Making the decision to quit smoking

nastyAccording to the surgeon general, 10 years after a smoker quits, his/her risk of
dying from lung cancer is half that of a person who is still smoking. For anyone
who has tried quitting, 10 years can seem like a lifetime away, but it is important
to remember that after even just minutes of quitting your body begins to restore
itself and puts you on the path to a healthier life.

Only you can make the decision to quit smoking. Find out what is important to
you, what motivates you and then make it happen.

The American Cancer Society (ACS) recommends smokers to set a “quit day.”
Picking a date and marking it on your calendar will give you a commitment or
goal. Here are a few suggestions that the ACS recommends to get you ready for
your “quit day”:

  • Make a plan. Is your plan to quit “cold turkey” or do you think you will need assistance from medication? Do you want to try nicotine replacement therapies such as nicotine gum, patches, nasal spray, inhalers or lozenges? Keep in mind that if you are thinking about using a prescription drug, you will need to talk to your doctor about getting the medication and starting it in time for your quit day. Cessation medications are like shoes! If one doesn’t work, keep trying until you find one that meets your needs.
  • Set up a support system. There are many programs and online resources available that can be your support system. Family and friends are also good choices. Make sure to ask the people around you not to smoke or leave cigarettes around you where you can see them.
  • Get rid of the evidence. Throw away all cigarettes and ashtrays in your home and car or at work.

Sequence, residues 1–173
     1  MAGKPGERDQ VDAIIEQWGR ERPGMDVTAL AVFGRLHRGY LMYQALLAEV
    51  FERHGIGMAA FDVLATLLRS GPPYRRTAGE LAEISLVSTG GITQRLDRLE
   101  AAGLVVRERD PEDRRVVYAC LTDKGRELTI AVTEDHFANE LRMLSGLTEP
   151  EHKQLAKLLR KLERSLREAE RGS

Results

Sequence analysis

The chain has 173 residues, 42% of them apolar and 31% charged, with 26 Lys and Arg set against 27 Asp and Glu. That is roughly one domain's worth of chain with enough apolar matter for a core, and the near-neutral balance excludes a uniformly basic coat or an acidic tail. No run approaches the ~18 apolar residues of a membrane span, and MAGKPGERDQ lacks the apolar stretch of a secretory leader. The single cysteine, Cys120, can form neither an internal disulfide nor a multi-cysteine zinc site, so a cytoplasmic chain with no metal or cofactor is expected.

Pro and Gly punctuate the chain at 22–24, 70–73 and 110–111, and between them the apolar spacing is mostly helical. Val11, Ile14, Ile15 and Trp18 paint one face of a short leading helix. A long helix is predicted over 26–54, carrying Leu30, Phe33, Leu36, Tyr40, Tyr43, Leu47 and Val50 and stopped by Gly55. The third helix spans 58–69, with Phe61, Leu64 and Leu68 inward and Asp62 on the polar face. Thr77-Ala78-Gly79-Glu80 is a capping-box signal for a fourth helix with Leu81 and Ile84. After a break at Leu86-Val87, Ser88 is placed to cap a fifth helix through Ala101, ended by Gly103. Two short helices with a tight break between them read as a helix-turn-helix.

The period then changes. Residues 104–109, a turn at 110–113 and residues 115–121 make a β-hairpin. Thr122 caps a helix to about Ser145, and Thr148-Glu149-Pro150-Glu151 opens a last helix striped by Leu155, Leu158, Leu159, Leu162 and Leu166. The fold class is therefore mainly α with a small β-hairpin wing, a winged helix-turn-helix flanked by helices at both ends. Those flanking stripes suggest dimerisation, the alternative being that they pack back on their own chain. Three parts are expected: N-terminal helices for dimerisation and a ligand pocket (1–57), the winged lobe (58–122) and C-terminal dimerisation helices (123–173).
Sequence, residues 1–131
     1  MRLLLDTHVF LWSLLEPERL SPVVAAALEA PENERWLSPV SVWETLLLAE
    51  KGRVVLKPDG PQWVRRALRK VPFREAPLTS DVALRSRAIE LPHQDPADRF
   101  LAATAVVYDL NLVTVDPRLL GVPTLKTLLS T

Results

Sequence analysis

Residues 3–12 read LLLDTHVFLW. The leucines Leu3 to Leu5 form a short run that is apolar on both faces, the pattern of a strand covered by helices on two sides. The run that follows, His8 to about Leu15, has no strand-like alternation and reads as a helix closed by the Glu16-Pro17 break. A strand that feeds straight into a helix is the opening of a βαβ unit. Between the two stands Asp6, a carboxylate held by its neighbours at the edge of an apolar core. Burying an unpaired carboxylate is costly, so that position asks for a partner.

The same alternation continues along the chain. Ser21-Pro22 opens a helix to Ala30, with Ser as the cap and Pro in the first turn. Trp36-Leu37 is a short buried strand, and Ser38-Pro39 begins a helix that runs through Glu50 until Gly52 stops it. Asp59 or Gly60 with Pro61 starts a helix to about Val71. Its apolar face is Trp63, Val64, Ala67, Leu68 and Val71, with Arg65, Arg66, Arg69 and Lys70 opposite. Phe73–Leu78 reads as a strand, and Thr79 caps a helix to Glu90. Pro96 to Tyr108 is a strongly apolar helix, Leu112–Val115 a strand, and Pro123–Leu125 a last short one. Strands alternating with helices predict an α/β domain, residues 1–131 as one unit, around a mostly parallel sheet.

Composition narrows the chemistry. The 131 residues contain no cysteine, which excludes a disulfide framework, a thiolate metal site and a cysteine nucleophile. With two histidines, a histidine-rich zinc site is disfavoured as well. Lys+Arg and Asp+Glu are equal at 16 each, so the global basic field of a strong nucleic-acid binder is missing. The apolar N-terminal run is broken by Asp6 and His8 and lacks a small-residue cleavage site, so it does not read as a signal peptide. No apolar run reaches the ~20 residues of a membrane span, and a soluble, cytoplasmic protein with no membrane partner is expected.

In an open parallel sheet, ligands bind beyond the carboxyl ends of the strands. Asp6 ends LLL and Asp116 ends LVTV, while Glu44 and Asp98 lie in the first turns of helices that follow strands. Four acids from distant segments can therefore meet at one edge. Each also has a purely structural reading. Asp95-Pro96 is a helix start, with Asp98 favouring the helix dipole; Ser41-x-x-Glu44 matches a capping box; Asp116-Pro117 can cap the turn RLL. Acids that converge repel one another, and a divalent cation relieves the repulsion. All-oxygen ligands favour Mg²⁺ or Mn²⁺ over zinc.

• Tell everyone. Tell your friends and family, to give you a sense of accountability.
  • Prepare. Stock up on oral substitutes such as sugarless gum, carrot sticks, hard candy, cinnamon sticks or toothpicks. Also, practice saying, “No, thank you, I don’t smoke.”
  • Avoid temptation. Stay away from people and places that tempt you to smoke.
  • Get active. Try exercising, needlework, hobbies or anything else that will distract you and your hands from the urge to smoke.
  • Reward yourself. If you’re doing well, you deserve a reward. Put the money you were going to spend on tobacco and use it to go out to dinner, buy a book, see a movie or do something you enjoy.

Quitting isn’t easy, so try not to get discouraged. As Mark Twain once said, “Quitting smoking is easy. I’ve done it a thousand times.” Even if you slip or relapse, move forward and keep your eye on your goal.

If you are a smoker and would like to talk to someone about quitting, call 1-800-QUIT-NOW (1-800-784-8669).

For more information on tobacco cessation, visit massey.vcu.edu/smoking-cessation.htm.

About the author
Linda Hancock, Ph.D., is the director of the Virginia Commonwealth University Wellness Resource Center. She specializes in smoking cessation and leads a campus-wide social marketing campaign to reduce substance abuse.